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Northrop Reports Strong Profit on Acquisition, Military Spending

Times Staff Writer

Northrop Grumman Corp., bolstered by its TRW Inc. acquisition and a Pentagon spending spree that helped all its defense businesses, posted sharply higher first-quarter profit Tuesday and raised its earnings forecast for the year.

The results exceeded Wall Street’s expectations, prompting a rally in Northrop’s shares. The stock rose 3% and closed at $89.29, up $2.76, on the New York Stock Exchange.

Century City-based Northrop is the nation’s second-largest defense contractor. In the first quarter, the company had net income of $253 million, or $1.34 a share, contrasted with a loss of $283 million, or $2.56, in the year-earlier period, when it took a $432-million charge against earnings to write down goodwill assets on various acquisitions.

“We’re very pleased with the quarter,” said Ronald D. Sugar, Northrop’s new chief executive. “We’re hitting on all cylinders, and we have excellent opportunities ahead of us.”

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Northrop raised its estimate of year-end operating earnings to $3.80 to $4.20 a share from its previous forecast of $3.65 to $4.15, in part because of a lower tax rate.

“They had good performance across the board,” said Eric Hugel, a defense analyst for Stephens Inc. who expected Northrop to post first-quarter operating earnings of about 60 cents a share. Northrop posted 91 cents a share in earnings from continuing operations.

Northrop has six business segments -- including stealth fighters, warships, satellite systems and the Global Hawk unmanned spy plane -- and they all contributed products used in the Iraq war.

Sugar said the war showcased the importance of electronics and other sophisticated technologies in helping coordinate a battle plan with fewer soldiers than in past conflicts.

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The biggest gains in the first quarter were posted by Northrop’s Information Technology unit, which saw sales rise 18% as government agencies began upgrading computer systems and networks. The unit garnered key classified projects for intelligence agencies after the Sept. 11 terrorist attacks.

A steady increase in military spending also helped boost sales at the Electronic Systems unit, Northrop’s largest business. Sales grew 11% to $1.3 billion as the Pentagon accelerated deliveries of electronic equipment for Apache Longbow helicopters, F-16 fighter jets and the F/A-22 stealth fighter, Northrop said.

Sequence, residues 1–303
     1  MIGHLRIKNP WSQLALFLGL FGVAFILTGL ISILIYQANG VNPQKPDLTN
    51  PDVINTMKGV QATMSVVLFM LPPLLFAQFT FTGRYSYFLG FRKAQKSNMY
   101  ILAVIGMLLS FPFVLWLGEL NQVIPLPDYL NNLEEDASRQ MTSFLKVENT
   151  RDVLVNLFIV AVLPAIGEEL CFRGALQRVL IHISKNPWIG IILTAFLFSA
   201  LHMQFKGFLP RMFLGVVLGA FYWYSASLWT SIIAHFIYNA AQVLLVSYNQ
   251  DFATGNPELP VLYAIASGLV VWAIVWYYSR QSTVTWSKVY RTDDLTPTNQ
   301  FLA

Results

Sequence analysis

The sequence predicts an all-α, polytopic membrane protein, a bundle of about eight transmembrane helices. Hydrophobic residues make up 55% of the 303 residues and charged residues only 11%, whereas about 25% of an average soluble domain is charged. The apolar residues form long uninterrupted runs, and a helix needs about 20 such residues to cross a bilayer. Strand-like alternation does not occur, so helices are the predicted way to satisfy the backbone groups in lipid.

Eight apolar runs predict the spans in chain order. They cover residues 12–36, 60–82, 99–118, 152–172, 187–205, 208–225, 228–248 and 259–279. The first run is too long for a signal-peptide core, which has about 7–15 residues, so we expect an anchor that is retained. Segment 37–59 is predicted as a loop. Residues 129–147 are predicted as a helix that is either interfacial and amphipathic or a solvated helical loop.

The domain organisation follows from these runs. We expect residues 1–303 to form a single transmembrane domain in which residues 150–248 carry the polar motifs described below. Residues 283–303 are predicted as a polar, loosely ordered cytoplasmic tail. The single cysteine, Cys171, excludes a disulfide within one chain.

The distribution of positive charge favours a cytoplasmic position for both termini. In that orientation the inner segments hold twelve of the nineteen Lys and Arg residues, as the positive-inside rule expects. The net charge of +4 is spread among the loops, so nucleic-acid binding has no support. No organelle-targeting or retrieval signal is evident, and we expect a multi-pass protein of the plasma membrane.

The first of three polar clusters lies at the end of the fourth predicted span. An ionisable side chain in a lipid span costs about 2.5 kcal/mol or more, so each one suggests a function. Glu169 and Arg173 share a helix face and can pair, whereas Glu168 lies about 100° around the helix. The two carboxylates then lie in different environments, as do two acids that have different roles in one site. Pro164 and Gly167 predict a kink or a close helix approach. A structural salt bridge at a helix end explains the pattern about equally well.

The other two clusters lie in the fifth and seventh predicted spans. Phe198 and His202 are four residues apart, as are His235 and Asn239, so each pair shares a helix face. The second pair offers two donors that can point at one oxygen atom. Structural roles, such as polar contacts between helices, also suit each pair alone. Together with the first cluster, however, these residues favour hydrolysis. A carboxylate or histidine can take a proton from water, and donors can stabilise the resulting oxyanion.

Total sales rose nearly 50% to $5.9 billion from $3.9 billion a year earlier.

Though Northrop benefited from the Pentagon’s push to add more sophisticated weaponry in the last 18 months, Sugar said, the most recent spending during the Iraq war had little direct financial effect on Northrop earnings. “Much of the surge of money there is really for replenishing bombs, beans and blankets,” he said.

Looking ahead, Sugar said in a conference call with analysts that several major contracts worth billions could be awarded this year, including a multibillion-dollar program for the nation’s missile defense agency to develop so-called kinetic energy interceptors that would destroy targets on the force of impact, rather than by explosive devices. The Coast Guard’s efforts to upgrade its fleet also could generate strong sales for the company, Sugar said.

Hours later, Homeland Security Secretary Tom Ridge announced that Northrop had been awarded a $129-million contract to develop a vessel to guard U.S. coasts against terrorists.

Sugar took over Northrop’s helm April 1 from longtime CEO Kent Kresa. A decade ago, Northrop was struggling to survive. But Kresa bet heavily on developing the electronics and computer software packages that go into so-called network-centric warfare, a major focus of Pentagon’s efforts to transform the military.

Analysts said Northrop’s acquisition last year of TRW’s space and defense electronics business for $7.8 billion appears to be paying off. The business, with operations in Redondo Beach and Carson, contributed nearly $1.5 billion in sales and $88 million in operating profit in the first quarter.

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